St. James tends to be rather lovely in Spring.
‘Ma’am, why’re you always dressed all black? And why’re you always wearing the veil?’ Peter, Lord Grantham’s second — and even more dreadful, in her firm opinion — son asks skeptically, pointing a plump sticky finger at the sour-faced Crowley looming above.
‘Because her husband’s died of galloping consumption, Peter,’ Aziraphale says consolingly, bending down to amicably pat the boy’s curly head.
‘Poor fellow,’ she goes on, thoughtfully, ‘Took it all like a champ, of course — not much of him left, by the end, just sores and ulcers all over. All the better he’s gone now, don’t you think, Antonia, dear? One wonders … must’ve suffered terribly, the poor dear.’
‘Angel,’ Crowley says through gritted teeth, very nearly snapping her umbrella’s handle in two. ‘I ssswear.’
For a moment, a match of wills seems to be taking place: the sticky boy in white stockings levels the doggedly-kindly-looking woman in rumpled lace with something approaching condescending disbelief.
It’s understandable, Crowley begrudgingly concedes, given that he’s quite probably not used to the conjunction of the words death, galloping consumption and ulcers uttered in his presence.
Aziraphale, predictably, seems to be winning the staring match, because —
‘Witch!’ Peter finally decides to yell, pointing a finger at Crowley once again and promptly dashing off.
Aziraphale straightens, dusts off her lacy skirt, shakes her head.
‘Children,’ she says in a tone of vague disapproval, and sets out to resume her stroll along the pond.
Crowley tugs her back with the handle of her umbrella.
‘Aziraphale, you need to stop telling that goddamned story to everyone we stumble upon,’ she hisses. ‘I’m serious. You keep it up much longer, everyone’s gonna think we’ve gone and murdered that alleged husband of mine.’
‘Crowley,’ Aziraphale says blithely, a serene smile plastered to her face as a familiar-looking man passes by, ‘Dear. That’s what I want them to think.’
In 1743, Crowley finds herself cosied up in a secluded private nook of the Parisian Opéra. Don Quichotte chez la Duchesse is advertised as a ‘comic ballet’ — a juxtaposition of words she finds absurd enough to further investigate.
Regardless of the repertoire, the place itself does posses a certain showy ambience one might consider interesting, Crowley is willing to admit, quite pleasant overall, what with all the fancy velvet and lack of intrusive people swarming everywhere.
Or — it would be, were it not for Aziraphale squirming out of her skin right beside her.
‘Aziraphale,’ Crowley finally gives and hisses, giving the angel a sideways glare from behind the opera glasses, ‘what the hell is wrong with you?’
‘Corset,’ Aziraphale whinges cryptically, an expression of anguish staining her bright face. She’s wearing something blue and satin, with a rather revealing sort of neckline. It all looks just about impossible to breathe in.
‘Yeah?’ Crowley mutters, peeling her eyes away from Aziraphale’s skin with some difficulty and returning to peering through the glasses, ‘What of it?’
‘Well, it’s just—it’s a little tight, isn’t it? One may even say—ridiculously so.’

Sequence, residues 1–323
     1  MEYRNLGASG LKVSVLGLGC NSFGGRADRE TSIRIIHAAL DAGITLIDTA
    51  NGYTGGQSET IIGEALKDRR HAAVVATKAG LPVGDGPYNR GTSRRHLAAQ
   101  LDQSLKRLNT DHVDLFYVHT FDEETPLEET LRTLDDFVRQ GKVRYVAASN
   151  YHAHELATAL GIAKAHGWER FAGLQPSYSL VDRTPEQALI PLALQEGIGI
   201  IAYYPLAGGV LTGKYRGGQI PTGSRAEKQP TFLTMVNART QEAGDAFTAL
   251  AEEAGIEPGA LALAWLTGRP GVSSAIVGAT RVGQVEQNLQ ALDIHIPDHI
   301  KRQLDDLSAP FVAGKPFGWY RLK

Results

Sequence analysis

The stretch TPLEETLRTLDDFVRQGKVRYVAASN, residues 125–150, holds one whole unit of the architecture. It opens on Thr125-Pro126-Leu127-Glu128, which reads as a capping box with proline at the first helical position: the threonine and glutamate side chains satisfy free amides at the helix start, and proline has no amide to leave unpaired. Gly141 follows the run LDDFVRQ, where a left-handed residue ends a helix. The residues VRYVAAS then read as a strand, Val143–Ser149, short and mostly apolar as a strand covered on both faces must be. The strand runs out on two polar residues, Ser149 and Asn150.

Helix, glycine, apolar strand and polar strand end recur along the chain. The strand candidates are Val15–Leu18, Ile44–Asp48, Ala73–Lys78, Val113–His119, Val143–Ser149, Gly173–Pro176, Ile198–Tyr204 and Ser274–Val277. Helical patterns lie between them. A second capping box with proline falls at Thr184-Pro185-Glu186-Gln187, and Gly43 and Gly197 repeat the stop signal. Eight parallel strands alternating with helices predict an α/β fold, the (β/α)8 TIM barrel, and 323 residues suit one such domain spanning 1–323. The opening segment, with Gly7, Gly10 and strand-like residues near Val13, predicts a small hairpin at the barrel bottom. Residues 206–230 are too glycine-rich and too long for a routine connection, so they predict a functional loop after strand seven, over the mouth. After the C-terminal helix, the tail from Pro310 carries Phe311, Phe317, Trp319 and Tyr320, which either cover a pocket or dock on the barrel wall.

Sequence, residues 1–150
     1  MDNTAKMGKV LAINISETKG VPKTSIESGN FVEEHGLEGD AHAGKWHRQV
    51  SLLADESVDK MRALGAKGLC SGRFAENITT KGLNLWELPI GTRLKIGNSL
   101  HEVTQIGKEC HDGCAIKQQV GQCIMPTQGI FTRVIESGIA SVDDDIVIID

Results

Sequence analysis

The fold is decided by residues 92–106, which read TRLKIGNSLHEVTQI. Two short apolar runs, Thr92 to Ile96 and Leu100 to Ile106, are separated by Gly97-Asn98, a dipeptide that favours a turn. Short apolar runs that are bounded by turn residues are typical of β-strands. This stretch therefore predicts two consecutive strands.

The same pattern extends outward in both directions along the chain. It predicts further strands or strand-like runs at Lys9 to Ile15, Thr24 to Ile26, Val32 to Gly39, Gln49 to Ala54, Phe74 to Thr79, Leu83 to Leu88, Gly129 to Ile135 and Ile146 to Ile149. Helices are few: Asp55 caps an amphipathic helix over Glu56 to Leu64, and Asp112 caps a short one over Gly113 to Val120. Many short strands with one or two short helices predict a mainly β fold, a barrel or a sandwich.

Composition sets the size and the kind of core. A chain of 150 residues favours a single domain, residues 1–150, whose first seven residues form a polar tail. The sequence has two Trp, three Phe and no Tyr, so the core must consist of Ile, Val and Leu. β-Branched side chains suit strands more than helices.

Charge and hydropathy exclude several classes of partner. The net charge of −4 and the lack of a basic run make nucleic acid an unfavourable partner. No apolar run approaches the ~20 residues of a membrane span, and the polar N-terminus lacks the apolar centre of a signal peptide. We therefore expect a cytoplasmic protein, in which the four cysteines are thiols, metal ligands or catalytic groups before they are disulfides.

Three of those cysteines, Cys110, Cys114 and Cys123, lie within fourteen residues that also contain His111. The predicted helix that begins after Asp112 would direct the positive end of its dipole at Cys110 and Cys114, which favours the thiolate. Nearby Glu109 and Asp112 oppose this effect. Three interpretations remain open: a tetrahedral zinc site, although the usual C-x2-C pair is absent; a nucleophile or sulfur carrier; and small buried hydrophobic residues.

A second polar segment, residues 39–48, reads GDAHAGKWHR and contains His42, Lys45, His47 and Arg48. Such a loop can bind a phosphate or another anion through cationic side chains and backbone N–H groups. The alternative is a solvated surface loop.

Crowley sighs. ‘Yes, Aziraphale, I believe tight might just be the point.’
Aziraphale scowls, giving Crowley’s heavy dark coat a skeptical once-over. ‘What about you, then? Where’s your corset?’
‘Me?’ Crowley says in feigned astonishment. ‘Why, Aziraphale, I’m in mourning. Can’t go around being too enticing while my poor husband’s still warm in his grave now, can I?’
‘How many years since he’s died, again?’ Aziraphale grits out, tugging at her waistband as though to pull it loose. ‘Surely he can’t be warm still.’
‘What can I say,’ Crowley muses, ‘one persistent bugger, that one. It’s like you said. Fought till the very end.’
Thing is, all these years after the Eden, and there’s still the guilt.
Crowley wins the cottage in a card came of bridge, in 1798, from a very drunk old farmer, who happens to conveniently die of cardiac arrest soon afterwards. Go — Dev — Someone rest his soul.
She decides to move in circa late September of 1801, equipped with a brand new four-poster bed, outrageously expensive silk sheets, a soft nightshirt and a full intention of sleeping through the next blessed century.
She doesn’t quite foresee Aziraphale showing up to nose around with a dainty little umbrella, under the pretence of inspecting the ceiling corners for mould. Then again, Crowley can’t say it’s exactly unexpected.
‘Quite lovely, isn’t it?’ Aziraphale says, patting the flaking damp wallpaper fondly. ‘So much …’ there’s a meaningful pause. ‘Space.’
‘You know what, angel? You bring in all your blessed bookshelves for all I care,’ Crowley grouches, already wrapped in her silky bathrobe and night slippers, padding up the creaky stairs. ‘But don’t you dare wake me up before 1900.’
‘Will do,’ Aziraphale says brightly, elegantly manicured fingers stroking the wall as though it’s already assuming the form of bookshelves.
Predictably, Aziraphale does wake Crowley up before 1900.
‘Wh-whaa …?’ Crowley manages incongruently, thrashing among the silk and trying to focus her bleary eyes on Aziraphale.
The angel is sitting on the edge of Crowley’s luxurious four-poster, looking stricken.
‘Crowley, you must wake up,’ she insists, mournfully, punctuating the plea with a firm shake to Crowley’s bony shoulder. The nightshirt’s sleeve has slid down; the angel’s fingers are soft and feverish in touch. ‘Something terrible has happened.’
Crowley thinks of rising seas and falling angels. Apples. Hands. She holds her breath—tense, waiting.